Bharati Mukherjee's Jasmine brought widespread popular and scholarly attention to south Asian literature written in the United States, and placed South Asian American experiences on the map of American literature. Since its publication in 1989, the novel has been popular among female readers interested in ethnicity and immigration; it was highly acclaimed as a new minority voice by mainstream reviewers, scholars, and critics; and it is taught in Asian-American studies courses.
Jasmine is a first-person narrative about a young Punjabi peasant woman, Jyoti Vijh, who moves from Hasnapur village in Punjab to the United States as an illegal immigrant, to fulfill the dream of her husband, Prakash, who is killed in a Sikh terrorist attack. To avenge being raped on her first night in America, Jyoti transforms herself into the goddess Kali and murders her rapist Half-Face, a smuggler and Vietnam veteran. The novel follows the protagonist's self-transformations and reincarnations as Jasmine, Kali, Jazzy, Jase, and Jane, as she moves between various geographic locations and the men in her life--her progressive engineer husband, Prakash, in Jullunder; the rapist Half-Face in Florida; her husband's mentor Professor Vadhera, who sells Indian women's hair in Flushing, New York; her suave, liberal lover, the Columbia physics professor Taylor in Manhattan; the wheelchair-bound banker Bud, the father of her unborn child, in Iowa; and her fantasy-lover, her Vietnamese adopted son, Du, and finally her ex-lover Taylor, who is moving to Berkeley, California. The novel ends as a subversive rewriting of Charlotte Bronte's Jane Eyre. The protagonist Jasmine (now renamed Jane) suddenly abandons the disabled Bud--whom she even refers to as "Rochester"--to follow the dream of the illimitable American frontier and escape with her first American lover, Taylor, to California.
The novel grew out of the short story "Jasmine" in the collection Middleman and Other Stories (1988), winner of the National Book Critics Circle Award. The author has described her own journey toward acquiring an American identity in terms that echo the sentiments of the novel's protagonist. Like the author, who identifies herself as an American (Shankar, 1998), the novel's eponymous protagonist "claims America" in the tradition of earlier Asian-American writers such as Carlos Bulosan in America Is in the Heart and, more recently, Gish Jen in Typical American.
Major themes include immigration and assimilation; hyphenated American identities and the joys and sorrows of becoming American; the American Dream; the promise of the frontier and the open geography of the American landscape; multiple migrations and the diasporic worlds of refugees and illegal migrant workers; reincarnation and self-naming and renaming; violence and nurturance; the conflict between Old World duties and New World wants and desires; the impact of Sikh terrorism in India in the 1980s; and ethnic ghettoization of Indian immigrants who live in the ossified, recreated Indias in Queens, New York. Mukherjee's novel lends itself to positive feminist readings as she attributes to the female protagonist the power of the Hindu goddess of destruction, Kali, and male gods from the Hindu Trinity such as Shiva the Destroyer with the "third eye" and Vishnu, the Preserver, with the universe in his belly.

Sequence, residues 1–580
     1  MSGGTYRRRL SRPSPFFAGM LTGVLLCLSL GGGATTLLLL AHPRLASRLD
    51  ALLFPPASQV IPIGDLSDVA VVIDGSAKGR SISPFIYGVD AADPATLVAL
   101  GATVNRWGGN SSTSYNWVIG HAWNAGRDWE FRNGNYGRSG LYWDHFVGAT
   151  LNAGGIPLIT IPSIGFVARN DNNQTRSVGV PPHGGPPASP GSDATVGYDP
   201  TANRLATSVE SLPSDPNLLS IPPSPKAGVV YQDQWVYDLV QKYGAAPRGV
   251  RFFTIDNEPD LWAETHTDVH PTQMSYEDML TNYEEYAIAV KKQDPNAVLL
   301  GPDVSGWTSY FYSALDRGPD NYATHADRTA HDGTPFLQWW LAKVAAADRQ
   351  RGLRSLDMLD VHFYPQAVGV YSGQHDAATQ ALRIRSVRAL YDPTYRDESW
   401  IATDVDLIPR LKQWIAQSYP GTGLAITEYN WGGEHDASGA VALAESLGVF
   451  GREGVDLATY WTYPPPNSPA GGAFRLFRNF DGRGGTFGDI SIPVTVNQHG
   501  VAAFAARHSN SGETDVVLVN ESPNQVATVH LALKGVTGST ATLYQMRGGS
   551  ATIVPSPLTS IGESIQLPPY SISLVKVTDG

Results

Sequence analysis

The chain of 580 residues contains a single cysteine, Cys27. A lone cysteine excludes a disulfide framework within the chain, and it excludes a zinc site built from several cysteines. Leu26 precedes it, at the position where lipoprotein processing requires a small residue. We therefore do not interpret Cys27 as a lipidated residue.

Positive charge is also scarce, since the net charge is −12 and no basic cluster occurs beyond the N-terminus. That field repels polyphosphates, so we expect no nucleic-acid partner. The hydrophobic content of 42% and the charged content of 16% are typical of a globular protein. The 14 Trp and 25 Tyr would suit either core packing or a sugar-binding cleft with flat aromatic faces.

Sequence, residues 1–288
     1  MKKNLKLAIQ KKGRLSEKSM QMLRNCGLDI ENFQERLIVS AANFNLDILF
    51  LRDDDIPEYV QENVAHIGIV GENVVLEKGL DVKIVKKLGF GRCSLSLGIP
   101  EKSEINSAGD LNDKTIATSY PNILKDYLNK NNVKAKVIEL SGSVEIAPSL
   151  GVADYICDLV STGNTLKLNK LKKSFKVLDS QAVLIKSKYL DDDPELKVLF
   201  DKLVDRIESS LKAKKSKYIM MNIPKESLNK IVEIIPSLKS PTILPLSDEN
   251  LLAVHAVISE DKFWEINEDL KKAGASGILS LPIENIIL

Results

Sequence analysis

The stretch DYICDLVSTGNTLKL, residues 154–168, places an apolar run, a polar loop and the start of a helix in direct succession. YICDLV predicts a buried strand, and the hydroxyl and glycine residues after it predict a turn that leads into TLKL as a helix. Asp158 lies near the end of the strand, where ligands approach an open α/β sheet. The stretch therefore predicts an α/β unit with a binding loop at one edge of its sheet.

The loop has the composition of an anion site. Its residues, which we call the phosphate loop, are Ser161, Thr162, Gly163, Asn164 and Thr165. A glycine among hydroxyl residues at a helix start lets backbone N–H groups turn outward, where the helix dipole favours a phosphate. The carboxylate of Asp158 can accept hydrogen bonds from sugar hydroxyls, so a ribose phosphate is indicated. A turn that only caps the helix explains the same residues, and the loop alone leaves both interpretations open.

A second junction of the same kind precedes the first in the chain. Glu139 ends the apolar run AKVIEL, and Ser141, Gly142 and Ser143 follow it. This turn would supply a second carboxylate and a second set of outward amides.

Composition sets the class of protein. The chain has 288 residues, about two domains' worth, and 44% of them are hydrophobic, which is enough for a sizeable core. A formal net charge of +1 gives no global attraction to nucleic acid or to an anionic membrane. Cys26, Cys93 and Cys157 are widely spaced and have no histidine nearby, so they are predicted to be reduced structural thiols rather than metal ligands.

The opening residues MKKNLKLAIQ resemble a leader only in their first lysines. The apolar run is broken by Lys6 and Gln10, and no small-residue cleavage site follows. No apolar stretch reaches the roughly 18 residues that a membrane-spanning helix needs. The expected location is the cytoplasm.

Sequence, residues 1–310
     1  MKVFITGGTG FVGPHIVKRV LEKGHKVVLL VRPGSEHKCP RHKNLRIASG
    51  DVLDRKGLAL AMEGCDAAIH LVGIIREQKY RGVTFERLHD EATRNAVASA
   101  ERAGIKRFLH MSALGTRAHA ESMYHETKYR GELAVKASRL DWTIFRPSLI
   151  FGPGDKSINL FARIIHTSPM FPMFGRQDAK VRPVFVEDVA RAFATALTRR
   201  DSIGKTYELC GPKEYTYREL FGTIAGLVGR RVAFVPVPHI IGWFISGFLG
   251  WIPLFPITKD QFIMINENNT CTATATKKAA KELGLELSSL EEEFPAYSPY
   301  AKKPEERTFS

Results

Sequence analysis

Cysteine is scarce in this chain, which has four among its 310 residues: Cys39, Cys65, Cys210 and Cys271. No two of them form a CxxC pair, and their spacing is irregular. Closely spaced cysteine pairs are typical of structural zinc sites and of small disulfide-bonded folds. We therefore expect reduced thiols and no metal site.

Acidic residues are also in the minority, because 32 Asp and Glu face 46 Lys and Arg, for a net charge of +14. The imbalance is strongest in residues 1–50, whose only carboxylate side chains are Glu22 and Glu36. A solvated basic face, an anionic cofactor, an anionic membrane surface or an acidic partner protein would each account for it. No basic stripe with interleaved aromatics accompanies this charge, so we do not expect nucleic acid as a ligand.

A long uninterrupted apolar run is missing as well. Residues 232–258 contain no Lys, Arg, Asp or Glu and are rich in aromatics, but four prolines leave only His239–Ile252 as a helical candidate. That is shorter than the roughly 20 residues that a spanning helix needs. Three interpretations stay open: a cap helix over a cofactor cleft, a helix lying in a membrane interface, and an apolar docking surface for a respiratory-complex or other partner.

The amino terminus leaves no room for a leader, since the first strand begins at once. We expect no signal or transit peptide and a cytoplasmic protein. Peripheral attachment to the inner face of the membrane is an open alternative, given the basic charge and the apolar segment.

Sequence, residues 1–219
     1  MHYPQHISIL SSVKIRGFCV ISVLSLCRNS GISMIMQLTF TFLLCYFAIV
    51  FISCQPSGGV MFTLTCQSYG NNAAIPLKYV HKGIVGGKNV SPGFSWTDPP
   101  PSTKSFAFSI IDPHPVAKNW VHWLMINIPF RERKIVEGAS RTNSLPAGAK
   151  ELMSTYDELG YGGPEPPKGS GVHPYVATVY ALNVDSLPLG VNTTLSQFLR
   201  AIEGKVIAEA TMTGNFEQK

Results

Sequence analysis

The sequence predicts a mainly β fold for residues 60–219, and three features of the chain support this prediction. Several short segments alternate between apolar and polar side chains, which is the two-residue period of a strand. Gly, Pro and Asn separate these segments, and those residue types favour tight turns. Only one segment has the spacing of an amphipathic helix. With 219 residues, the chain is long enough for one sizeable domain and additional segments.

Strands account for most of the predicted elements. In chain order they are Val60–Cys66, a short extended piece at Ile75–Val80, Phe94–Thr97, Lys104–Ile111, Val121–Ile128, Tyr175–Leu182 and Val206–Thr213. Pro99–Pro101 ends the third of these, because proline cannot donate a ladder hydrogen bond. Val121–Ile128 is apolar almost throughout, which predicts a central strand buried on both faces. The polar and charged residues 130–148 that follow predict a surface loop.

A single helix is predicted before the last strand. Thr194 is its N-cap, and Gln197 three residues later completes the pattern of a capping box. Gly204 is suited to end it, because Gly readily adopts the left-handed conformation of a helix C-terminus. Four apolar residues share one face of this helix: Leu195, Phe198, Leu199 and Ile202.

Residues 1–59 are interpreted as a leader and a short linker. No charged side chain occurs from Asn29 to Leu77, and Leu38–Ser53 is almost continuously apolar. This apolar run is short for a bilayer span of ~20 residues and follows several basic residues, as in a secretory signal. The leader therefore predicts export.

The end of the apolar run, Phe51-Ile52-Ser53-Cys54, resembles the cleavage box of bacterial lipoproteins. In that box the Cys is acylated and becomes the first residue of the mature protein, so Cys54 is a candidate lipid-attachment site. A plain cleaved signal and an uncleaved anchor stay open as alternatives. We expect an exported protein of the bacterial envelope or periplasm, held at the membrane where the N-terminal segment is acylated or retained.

Although some critics have spoken out against Mukherjee for her failure to be critical of the United States, Mukherjee does use an ironic narrative voice that comments on the subtle racism, ethnocentrism, and exoticizing to which her protagonist is subjected, whether by the liberal intellectuals at Columbia University; the farmers and bankers in Baden, Iowa; or a Vietnam veteran who proudly claims "I been to Asia and it's the armpit of the universe" (100). She also depicts her view of America's nuclear plants and "Eden's waste" (95-96). As in her earlier short stories, Mukherjee also gives fleeting insight into other underprivileged ethnic minorities, including the Vietnamese "boat people" like Jasmine and Bud's adopted son, Du, the Chicano and South American illegal migrant farm workers and laborers in Florida, whom the Quaker activist Lillian Gordon protects, and the "day mummys," or Caribbean nannies and housekeepers, on whose labors the research of Columbia professors is built. Mukherjee comments not only on how the post-1965 immigrants (most of whom are not European) are transformed in the United States, but also on how the post-Vietnam "puritan country" of Iowa (204), the heartland of America, is changing.
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Shankar, Lavina Dhingra. "The Limits of (South Asian) Names and Labels: Postcolonial or Asian American?" In A Part, Yet Apart: South Asians in Asian America, edited by Lavina D. Shankar and Rajini Srikanth, 49-66. Philadelphia: Temple University Press, 1998.Tapping, Craig. "South Asia Writes North America: Prose Fictions and Autobiographies from the Indian Diaspora." In Reading the Literatures of Asian America, edited by Shirley Geok-lin Lim and Amy Ling, 285-301. Philadelphia: Temple University Press, 1992.
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